Swing Cues Ex says: Your upper body isn’t the driver of the kettlebellswing ; it’s only a lever. Ex says: This is a lower body move, and your arms shouldn’t be anything more than a lever for the bell.
If you explosively and powerfully stand up, and really exaggerate that glute squeeze, your torso will naturally pop up and the bell will translate forward. Ex says: Critical in the kettlebellswing is not letting your lower back drive the movement.
Brett Williams, NASA Brett Williams, a fitness editor at Men's Health, is a NASM-CPT certified trainer and former pro football player and tech reporter who splits his workout time between strength and conditioning training, martial arts, and running. Ebenezer Samuel, C.S.C.S., is the fitness director of Men's Health and a certified trainer with more than 10 years of training experience.
This content is created and maintained by a third party, and imported onto this page to help users provide their email addresses. By using the 4 simple steps outlined below you can progress to the kettlebellswing without the risk of injury or developing bad habits.
The kettlebellswing will also radically improve the often neglected postural muscles at the back of the body. The kettlebellswing is very cardiovascular and can be performed anywhere without the need to even move your feet which is a great way to challenge your cardio without the need for high impact.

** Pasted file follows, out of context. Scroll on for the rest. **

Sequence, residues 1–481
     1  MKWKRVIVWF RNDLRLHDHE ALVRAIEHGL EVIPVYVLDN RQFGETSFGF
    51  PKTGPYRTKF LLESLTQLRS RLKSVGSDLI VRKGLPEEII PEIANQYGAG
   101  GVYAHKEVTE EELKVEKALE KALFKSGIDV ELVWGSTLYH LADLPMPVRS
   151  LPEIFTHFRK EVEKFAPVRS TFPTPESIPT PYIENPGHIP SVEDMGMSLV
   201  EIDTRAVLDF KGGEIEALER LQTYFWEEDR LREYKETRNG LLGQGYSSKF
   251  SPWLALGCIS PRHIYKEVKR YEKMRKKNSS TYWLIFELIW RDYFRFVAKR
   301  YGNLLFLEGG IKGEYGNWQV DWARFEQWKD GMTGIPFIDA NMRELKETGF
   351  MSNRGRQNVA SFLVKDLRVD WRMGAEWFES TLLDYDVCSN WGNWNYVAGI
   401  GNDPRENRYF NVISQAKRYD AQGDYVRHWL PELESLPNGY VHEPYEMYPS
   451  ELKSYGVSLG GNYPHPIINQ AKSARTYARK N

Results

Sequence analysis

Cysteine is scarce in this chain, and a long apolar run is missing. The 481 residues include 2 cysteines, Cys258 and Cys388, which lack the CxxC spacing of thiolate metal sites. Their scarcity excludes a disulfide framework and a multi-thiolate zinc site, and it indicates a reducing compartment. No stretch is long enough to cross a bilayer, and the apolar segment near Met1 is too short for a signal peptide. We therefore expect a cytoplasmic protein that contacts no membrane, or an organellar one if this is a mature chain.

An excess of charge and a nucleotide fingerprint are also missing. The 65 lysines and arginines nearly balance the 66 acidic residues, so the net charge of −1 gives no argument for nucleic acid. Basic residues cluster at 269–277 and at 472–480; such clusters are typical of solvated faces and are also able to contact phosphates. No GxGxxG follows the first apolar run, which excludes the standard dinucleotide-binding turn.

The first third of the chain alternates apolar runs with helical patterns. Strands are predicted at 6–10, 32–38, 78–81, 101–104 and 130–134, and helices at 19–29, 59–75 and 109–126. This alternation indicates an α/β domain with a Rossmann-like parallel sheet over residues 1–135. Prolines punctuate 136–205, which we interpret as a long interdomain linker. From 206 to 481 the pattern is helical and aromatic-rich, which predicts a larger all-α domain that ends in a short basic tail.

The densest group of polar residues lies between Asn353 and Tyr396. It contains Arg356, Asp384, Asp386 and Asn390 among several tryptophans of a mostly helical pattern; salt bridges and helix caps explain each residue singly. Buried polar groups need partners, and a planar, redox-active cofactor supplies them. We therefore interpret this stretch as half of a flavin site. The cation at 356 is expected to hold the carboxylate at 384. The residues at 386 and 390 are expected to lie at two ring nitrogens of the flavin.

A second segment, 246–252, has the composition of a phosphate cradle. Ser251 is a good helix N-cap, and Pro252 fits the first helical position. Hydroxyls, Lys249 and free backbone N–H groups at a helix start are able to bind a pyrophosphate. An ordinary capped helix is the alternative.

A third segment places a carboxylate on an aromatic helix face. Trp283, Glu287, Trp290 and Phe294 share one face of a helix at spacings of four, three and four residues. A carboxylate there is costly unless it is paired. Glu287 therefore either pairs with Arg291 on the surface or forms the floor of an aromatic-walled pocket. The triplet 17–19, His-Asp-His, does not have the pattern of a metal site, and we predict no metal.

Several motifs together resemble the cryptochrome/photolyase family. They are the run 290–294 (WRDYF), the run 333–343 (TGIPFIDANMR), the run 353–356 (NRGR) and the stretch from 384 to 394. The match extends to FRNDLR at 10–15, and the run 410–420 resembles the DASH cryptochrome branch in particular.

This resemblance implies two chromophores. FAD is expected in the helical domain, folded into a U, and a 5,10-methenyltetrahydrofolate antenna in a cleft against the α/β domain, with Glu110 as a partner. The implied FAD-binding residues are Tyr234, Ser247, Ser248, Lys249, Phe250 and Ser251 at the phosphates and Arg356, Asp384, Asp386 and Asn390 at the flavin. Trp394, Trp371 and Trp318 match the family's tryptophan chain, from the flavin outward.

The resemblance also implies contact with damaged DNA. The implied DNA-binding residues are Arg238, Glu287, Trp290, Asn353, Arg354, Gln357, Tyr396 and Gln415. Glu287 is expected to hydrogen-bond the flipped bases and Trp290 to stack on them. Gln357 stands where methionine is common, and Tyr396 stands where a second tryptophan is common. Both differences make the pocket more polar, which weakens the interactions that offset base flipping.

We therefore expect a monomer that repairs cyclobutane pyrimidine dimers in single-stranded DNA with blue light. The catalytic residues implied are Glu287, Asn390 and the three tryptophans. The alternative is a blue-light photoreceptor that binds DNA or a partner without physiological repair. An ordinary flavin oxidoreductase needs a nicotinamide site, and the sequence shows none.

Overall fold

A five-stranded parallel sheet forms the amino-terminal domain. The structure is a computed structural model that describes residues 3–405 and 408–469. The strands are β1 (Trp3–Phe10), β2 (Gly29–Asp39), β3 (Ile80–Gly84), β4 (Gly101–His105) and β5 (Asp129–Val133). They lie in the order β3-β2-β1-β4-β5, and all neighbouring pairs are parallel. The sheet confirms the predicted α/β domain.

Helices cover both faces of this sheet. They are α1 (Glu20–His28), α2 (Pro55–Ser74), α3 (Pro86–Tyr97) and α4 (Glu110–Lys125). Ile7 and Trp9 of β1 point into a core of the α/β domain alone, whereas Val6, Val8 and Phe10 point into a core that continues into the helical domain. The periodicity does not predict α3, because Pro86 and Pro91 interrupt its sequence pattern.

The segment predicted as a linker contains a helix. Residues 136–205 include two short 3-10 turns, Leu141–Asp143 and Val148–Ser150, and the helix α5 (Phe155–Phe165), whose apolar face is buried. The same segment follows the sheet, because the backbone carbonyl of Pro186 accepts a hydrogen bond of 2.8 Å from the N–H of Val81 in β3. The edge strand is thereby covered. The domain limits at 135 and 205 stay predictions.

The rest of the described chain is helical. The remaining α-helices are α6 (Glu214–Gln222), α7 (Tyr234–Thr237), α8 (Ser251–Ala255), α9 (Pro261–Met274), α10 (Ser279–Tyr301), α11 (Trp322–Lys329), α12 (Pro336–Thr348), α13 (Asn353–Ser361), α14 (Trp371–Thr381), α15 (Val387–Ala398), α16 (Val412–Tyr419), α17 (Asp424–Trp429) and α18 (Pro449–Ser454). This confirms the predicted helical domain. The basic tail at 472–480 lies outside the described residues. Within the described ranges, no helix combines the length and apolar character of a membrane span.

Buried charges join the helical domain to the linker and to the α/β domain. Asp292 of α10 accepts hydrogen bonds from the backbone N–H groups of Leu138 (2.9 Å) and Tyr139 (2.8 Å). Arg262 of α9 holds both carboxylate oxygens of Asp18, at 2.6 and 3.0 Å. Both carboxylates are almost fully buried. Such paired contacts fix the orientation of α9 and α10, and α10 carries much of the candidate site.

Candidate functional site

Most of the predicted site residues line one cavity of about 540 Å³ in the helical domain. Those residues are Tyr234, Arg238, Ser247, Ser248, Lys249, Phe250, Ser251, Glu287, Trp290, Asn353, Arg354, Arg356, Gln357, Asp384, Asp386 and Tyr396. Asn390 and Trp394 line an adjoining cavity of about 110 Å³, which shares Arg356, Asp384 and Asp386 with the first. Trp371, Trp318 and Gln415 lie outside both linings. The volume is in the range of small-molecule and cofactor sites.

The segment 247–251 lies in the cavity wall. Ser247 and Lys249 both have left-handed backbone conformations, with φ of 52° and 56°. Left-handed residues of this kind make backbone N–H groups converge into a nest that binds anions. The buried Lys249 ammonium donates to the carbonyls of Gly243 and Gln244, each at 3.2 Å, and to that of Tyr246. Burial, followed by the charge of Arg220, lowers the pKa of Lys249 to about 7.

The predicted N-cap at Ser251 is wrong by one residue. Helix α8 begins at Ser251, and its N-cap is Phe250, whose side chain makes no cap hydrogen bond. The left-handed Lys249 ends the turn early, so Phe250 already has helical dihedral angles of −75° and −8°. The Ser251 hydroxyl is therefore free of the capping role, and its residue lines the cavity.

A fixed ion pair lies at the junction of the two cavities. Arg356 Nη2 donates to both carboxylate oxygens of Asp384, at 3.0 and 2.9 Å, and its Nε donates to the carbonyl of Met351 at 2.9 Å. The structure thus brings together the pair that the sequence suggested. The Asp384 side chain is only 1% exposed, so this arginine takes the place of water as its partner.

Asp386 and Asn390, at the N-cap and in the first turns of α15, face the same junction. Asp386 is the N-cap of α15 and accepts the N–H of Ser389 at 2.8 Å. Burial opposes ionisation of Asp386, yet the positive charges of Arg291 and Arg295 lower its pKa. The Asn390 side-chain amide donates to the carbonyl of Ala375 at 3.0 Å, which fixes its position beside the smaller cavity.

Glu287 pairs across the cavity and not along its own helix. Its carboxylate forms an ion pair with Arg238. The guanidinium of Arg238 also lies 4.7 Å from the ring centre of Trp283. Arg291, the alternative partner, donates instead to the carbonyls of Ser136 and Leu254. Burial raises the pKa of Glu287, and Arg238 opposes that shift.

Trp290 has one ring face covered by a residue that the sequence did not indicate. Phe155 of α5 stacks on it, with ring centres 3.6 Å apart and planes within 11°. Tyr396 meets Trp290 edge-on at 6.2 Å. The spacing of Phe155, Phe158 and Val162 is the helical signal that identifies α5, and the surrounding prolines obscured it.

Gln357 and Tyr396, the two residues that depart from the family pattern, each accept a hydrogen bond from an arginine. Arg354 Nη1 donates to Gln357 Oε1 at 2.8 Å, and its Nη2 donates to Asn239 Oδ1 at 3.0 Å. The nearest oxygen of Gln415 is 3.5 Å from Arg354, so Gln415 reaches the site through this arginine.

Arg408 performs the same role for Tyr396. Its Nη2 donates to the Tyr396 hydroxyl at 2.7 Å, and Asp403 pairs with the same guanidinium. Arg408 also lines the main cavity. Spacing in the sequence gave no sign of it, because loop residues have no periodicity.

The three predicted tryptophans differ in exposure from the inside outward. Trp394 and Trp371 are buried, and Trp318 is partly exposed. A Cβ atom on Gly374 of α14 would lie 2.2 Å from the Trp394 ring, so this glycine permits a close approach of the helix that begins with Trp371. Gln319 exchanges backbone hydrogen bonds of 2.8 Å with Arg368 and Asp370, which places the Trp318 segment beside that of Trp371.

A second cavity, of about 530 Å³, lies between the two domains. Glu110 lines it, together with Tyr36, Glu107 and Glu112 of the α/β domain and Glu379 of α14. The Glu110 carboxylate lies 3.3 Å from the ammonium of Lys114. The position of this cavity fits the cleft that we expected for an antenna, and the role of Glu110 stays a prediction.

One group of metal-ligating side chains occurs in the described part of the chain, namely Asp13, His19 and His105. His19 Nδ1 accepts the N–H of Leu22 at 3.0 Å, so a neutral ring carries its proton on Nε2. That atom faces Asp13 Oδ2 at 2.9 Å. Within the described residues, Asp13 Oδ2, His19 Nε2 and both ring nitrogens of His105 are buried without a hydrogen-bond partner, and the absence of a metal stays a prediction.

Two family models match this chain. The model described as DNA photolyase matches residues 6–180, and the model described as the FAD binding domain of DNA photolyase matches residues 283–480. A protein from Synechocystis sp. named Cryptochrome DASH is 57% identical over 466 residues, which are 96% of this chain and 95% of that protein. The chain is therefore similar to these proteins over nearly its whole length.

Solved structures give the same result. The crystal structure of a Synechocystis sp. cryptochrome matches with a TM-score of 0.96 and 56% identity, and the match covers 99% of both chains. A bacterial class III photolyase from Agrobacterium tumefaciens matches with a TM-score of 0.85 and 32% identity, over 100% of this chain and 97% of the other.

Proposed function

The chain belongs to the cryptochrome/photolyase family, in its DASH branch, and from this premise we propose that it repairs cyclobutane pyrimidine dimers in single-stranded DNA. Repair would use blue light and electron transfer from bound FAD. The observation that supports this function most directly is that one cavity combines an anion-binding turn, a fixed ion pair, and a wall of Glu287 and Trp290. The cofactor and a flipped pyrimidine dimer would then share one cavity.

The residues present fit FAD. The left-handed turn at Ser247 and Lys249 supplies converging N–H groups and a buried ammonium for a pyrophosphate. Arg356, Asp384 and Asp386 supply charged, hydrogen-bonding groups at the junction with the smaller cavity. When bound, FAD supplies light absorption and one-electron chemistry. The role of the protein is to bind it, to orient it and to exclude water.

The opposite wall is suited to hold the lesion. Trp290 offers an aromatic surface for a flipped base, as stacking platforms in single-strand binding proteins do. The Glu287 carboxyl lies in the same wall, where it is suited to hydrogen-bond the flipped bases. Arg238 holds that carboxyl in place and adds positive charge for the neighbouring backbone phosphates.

Below I have listed the most effective progression for beginners to learn the kettlebellswing safely. I’ve also included information on what weight to use for the kettlebellswing and some kettle bell workouts for you to use to practice.
Next push your hips backwards as you lean forwards keeping your back flat. Continue leaning towards the floor until you feel your hamstrings tighten at the back of your legs.
Pause for a few seconds and then return to the standing position squeezing your buttocks tight at the top. When you feel you can comfortably complete the kettle bell good morning workout above move on to exercise number 2 below.
Kettle bell Single Arm DeadliftThe single arm kettle bell dead lift takes the hip hinge movement and adds a little more knee bend while at the same time keeping the back flat. The single arm dead lift will condition your legs, hips, buttocks and back.
When performed with a decent weight and for higher repetitions the single arm dead lift can be very cardiovascular too. Keep your weight back on your heels and push your hips backwards to take your hand towards the floor and grab the kettle bell handle.